My lone flight in an F-16 over the Gulf of Mexico left me unable to tell the difference between the sky above and the water below. So I can imagine the challenge NATO pilots are having trying to pick out Muammar Gaddafi’s tanks from those being manned by the rebels trying to topple him — especially when the tanks in question were manned by Gaddafi’s forces not so long ago.
NATO said Friday that its warplanes probably killed at least five rebels near the oil port of Brega in a case of so-called “friendly fire” that is only going to increase as NATO promises to step up its attacks against Gaddafi loyalists. The rebels were driving a column of 18 T-55 and T-72 tanks toward Brega in the eastern part of the country Thursday when allied aircraft apparently mistook them for Gaddafi forces on the move.
British Rear Admiral Russell Harding, deputy commander of NATO operations in Libya, told reporters in Naples that NATO was having difficulty telling the two sides apart. “I am not apologizing,” he said. “The situation on the ground was and remains extremely fluid and until yesterday we did not have information that [rebel] forces are using tanks.” This was bound to happen: U.S. military officials, at least, have gone out of their way to say they are not in contact with the rebels, so how would NATO know when the rebels snared some of Gaddafi’s tanks?
NATO initially refused to apologize for the mistaken attack, which seems petulant: an apology doesn’t mean it was done deliberately, it simply means you’re sorry, in this case, for the loss of life. (NATO Secretary General Anders Fogh Rasmussen eventually said he “strongly regretted” the deaths.)
Gaddafi has done his best to make this happen: his forces increasingly have abandoned moving in tank columns after they were obliterated by U.S. airpower in the opening days of the conflict (which perhaps should have been a warning to NATO pilots that Gaddafi forces weren’t operating the tanks they attacked — as well as an indication that the rebels aren’t mentally firing on all cylinders).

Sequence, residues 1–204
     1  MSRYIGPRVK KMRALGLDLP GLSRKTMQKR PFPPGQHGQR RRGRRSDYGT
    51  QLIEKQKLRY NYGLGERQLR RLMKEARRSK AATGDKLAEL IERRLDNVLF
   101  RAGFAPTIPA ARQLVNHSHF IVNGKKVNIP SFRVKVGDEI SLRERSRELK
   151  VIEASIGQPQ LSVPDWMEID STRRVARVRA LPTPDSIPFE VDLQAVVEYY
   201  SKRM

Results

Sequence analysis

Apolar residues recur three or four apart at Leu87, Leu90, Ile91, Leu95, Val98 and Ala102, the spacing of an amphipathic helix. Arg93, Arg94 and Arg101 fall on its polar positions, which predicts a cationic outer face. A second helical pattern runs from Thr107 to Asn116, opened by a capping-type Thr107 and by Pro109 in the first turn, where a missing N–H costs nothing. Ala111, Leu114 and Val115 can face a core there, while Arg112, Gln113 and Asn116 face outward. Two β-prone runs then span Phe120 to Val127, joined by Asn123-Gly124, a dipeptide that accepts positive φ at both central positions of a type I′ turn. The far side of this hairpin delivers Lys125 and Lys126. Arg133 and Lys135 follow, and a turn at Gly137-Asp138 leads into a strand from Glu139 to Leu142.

“We’ve seen a tendency for them to get intermixed with the regime forces rather than maintaining some degree of separation which again would allow for more effective targeting of the regime’s forces,” Army Gen. Carter Ham, chief of U.S. Africa Command, told the Senate Armed Services Committee Thursday.
Gaddafi’s commanders have moved a lot of their armor into congested urban areas to protect it from aerial attack. They’ve also begun moving in civilian pickup trucks, with guns mounted in the rear, just like the rebels are doing. “They have shifted from their traditional use of conventional armored equipment which was easily identifiable as regime forces and therefore easily targeted,” Ham said. “They now operate largely on civilian vehicles. And when those vehicles are intermixed with the opposition forces, it’s increasingly difficult to discern which is which.”
The fog of war is rolling in. “For the last 48 hours and maybe longer, the situation in Brega and Ajdabiyah has been fluid,” Harding said. “If someone wants to define that as a stalemate, that’s fine.” Actually, fluid is more the opposite of, than synonym for, stalemate. It’s also the essence of war. Meanwhile, according to the Guardian, the rebels have begun daubing the tops of their vehicles with peach-colored paint to distinguish them from Gaddafi’s forces. At least until Gaddafi’s forces start doing the same.